If, during the life of the husband, there was an adverse possession of the estate for more than forty years, as claimed by the respondents, it would not defeat the petitioners. So long as they were out of possession, and without the right or power to acquire it, as was the case during the tenancy of the husband, no possession of another could be adverse to them, and no law of limitation could affect them. The law will not suffer a party to be so far circumvented as to be deprived of his interests under its sanctions, and for the imputed laches of others, while it renders him incompetent to assert his rights. 2 Salk. 423; Dow v. Danvers,7 East, 321; Jackson v. Schoonmaker, 4 Johns, 401; Whitam v. Perkins, 2 Maine, 400."

(b.) Fees subject to executory limitation.

Hatfield V. Sneden

54 New York, 280. - 1873.

Ejectment by an executory devisee against the husband of the (deceased) owner of the estate which was subject to the executory devise. Plaintiff succeeded below and defendant appeals to this court.

Johnson, C. - Upon the true construction of the will of Mary Wood, the estate of her daughter was a fee determinable upon the happening of the events on which the devise to the plaintiff was to take effect. The language of the primary devise is to the daughter and her heirs forever. Then followed a clause which, in the event of the return to the county of the son of the testatrix (the son was supposed lost at sea), gave them the estate in equal shares. The testatrix further directed that if the daughter should never have any children, or a child living at her decease, if her son should not return then the devised estate was to go to the plaintiff in fee.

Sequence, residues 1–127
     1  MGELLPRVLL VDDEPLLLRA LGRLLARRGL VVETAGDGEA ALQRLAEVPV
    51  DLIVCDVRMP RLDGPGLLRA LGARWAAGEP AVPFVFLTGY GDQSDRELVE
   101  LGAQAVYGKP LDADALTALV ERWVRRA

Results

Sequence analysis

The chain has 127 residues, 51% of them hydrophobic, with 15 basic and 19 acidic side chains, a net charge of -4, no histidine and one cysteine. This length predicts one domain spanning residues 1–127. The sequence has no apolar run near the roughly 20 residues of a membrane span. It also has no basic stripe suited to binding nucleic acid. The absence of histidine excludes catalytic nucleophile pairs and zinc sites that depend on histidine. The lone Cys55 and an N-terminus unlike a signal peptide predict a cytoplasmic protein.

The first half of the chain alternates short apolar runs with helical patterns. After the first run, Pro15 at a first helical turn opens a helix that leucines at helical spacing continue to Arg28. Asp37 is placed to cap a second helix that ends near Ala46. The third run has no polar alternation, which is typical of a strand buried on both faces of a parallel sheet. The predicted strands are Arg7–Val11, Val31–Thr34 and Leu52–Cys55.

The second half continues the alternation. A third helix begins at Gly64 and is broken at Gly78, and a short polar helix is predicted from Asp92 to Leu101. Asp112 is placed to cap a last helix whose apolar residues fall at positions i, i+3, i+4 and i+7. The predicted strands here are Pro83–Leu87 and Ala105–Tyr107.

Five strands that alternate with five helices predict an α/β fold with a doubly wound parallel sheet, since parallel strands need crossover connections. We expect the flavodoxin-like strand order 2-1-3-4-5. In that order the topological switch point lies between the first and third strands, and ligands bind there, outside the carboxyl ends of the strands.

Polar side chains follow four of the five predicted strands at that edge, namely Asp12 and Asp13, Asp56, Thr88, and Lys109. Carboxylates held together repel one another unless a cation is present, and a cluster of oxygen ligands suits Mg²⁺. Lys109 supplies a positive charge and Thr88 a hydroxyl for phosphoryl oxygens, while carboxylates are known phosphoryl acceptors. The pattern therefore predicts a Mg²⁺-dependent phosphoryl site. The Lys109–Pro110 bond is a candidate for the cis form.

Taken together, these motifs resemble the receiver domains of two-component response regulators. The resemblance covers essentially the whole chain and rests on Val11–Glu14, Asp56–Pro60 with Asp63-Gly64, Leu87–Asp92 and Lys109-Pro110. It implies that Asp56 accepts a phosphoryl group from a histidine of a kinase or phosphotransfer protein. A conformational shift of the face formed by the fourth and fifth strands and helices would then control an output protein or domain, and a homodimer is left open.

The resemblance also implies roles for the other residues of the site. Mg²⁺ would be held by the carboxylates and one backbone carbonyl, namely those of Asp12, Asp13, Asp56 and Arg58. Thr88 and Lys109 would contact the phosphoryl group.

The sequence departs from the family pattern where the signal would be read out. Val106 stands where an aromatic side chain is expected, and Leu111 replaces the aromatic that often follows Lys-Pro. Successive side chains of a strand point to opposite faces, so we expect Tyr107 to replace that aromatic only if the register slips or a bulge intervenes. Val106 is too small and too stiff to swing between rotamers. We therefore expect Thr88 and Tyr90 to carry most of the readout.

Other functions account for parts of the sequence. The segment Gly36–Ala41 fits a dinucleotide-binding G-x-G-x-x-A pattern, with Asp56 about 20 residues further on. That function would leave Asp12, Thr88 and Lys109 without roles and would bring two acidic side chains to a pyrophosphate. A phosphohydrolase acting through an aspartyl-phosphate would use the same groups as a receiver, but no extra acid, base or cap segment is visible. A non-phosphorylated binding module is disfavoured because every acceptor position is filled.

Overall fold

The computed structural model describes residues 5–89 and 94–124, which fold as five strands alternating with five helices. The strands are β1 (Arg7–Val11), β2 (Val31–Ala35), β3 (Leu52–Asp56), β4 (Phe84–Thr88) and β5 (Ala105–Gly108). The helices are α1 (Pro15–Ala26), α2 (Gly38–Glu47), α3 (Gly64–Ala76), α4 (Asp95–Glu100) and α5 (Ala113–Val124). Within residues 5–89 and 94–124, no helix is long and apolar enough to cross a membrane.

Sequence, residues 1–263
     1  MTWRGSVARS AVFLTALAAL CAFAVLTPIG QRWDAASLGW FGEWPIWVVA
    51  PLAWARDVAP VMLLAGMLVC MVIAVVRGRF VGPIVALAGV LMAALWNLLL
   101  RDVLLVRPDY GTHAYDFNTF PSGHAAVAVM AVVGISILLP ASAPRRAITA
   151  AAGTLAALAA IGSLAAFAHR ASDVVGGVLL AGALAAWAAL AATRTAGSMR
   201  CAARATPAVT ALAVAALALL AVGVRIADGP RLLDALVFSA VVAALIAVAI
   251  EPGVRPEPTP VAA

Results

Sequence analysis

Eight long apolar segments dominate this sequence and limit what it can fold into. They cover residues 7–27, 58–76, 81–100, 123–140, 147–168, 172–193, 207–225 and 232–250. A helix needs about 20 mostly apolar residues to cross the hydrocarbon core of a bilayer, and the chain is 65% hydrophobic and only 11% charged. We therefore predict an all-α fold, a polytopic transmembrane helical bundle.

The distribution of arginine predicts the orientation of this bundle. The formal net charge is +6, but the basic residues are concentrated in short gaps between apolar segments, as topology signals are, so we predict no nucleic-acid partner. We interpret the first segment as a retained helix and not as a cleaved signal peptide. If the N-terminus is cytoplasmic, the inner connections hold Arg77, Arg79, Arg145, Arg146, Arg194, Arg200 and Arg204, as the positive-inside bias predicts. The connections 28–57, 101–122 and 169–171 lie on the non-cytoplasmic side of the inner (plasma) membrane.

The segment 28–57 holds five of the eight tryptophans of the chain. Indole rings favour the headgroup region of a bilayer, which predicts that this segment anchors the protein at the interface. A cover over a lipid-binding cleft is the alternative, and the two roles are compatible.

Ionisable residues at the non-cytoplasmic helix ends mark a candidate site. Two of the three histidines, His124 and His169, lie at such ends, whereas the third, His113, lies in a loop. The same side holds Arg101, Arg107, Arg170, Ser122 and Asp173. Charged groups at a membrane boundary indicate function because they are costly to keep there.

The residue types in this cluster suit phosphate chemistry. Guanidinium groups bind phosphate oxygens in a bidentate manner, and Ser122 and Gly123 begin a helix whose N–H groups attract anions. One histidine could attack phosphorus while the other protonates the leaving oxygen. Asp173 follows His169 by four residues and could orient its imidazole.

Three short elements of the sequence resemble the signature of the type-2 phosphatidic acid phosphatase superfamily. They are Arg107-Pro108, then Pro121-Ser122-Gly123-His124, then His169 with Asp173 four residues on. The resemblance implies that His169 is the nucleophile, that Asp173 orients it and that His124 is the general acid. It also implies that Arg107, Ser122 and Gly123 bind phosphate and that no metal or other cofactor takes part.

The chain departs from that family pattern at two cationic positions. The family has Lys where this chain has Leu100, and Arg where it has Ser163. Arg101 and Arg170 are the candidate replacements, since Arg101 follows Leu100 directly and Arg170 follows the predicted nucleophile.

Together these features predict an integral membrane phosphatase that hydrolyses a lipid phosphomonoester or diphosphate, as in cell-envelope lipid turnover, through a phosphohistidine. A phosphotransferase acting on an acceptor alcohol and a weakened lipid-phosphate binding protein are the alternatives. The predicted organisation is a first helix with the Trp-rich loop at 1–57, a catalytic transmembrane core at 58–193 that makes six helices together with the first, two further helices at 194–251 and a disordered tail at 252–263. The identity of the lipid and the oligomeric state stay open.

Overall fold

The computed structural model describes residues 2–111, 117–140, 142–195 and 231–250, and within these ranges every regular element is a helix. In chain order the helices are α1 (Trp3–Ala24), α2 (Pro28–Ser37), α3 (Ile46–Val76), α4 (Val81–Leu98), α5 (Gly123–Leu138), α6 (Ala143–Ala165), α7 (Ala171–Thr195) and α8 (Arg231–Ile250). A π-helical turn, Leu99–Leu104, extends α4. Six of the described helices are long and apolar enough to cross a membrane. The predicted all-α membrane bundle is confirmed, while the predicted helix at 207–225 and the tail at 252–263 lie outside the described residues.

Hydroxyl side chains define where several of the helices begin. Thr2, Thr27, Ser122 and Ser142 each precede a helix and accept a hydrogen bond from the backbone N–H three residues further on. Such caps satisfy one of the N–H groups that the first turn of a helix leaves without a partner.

In the first place it is to be observed that the earlier part of the phrase in respect to the daughter's issue is inoperative and meaningless, taken in connection with the latter part of the same clause. If the daughter had no child living at her decease, it was of no consequence how many she might have had at an earlier period. If she had a child living at her decease, then, of course, it could not be true that she never had any children. The substance of the whole clause is the same as if the testatrix had said, if my daughter, at her decease, leaves no child living, and if my son does not return, then the estate is to go to the plaintiff in fee. The concurrence of both these events was necessary to carry the estate to the plaintiff. If the son returned, Hatfield took nothing irrespective of the question of the daughter leaving a child living. If the daughter left a child living, and the son did not return, Hatfield took nothing, and her issue living at her death would not have taken under the testatrix's will, but by descent from their mother, out of the fee devised to her, which had not been defeated by the prescribed events.